Although faith-based organizations within the U.S. have received the most funding and controversy, government funding of these groups abroad is raising similar church-state questions. In the Review of Faith & International Affairs (Spring), Robert B. Lloyd writes that in 2002 President Bush issued executive orders that would eliminate barriers from faith-based organizations abroad getting funds from the United States Agency for International Development, the main agency for international foreign assistance.
Although most of the federal funding for faith-based organizations has been spent on the domestic level, the amounts given to foreign FBOs have increased, with the Catholic Relief Services (71 percent) and World Vision (23 percent) receiving the highest percentage of government revenue.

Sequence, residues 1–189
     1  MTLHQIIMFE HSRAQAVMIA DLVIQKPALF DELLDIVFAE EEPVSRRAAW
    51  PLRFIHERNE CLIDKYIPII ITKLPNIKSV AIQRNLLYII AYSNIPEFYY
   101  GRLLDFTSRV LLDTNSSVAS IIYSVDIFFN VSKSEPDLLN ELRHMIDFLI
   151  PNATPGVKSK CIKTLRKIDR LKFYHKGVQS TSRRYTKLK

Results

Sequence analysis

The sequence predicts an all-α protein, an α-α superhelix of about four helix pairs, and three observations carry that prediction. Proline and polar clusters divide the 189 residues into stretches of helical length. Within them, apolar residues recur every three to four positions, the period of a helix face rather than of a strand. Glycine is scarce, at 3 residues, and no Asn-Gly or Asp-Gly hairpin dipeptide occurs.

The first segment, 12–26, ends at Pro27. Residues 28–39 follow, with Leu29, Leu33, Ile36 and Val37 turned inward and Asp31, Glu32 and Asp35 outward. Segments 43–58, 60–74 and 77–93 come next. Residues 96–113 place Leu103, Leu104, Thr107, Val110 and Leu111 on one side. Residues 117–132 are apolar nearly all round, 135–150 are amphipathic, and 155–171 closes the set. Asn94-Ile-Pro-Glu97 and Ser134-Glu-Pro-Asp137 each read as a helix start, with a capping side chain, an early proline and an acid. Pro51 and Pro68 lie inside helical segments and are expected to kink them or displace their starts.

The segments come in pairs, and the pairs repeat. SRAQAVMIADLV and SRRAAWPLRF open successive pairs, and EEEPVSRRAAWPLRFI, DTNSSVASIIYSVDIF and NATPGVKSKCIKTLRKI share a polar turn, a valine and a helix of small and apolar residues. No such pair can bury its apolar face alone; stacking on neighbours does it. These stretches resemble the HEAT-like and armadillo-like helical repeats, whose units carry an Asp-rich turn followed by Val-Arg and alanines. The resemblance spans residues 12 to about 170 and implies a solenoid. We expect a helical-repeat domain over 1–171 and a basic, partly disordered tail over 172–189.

The sticky issue for faith-based groups are the requirements the USAID has laid down in order to receive funding, especially those restricting money to any specific religious activity and prohibiting religious discrimination in employment. Lloyd studied one foreign FBO to ascertain how such funding may change a faith-based organization. The official from this (unnamed) group claimed that such funding has brought closer scrutiny of international activities from church/state watchdog groups.
But such pressure has not affected its faith identity at “higher levels“ of the organization. Other FBOs may not preserve religious hiring rights so they can accept contracts. In contrast, an FBO may, for example, take the abstinence part of a contract for AIDS services and subcontract the part providing condoms to another organization.
(The Review of Faith & International Affairs, P.O. Box 14477, Washington, DC 20044)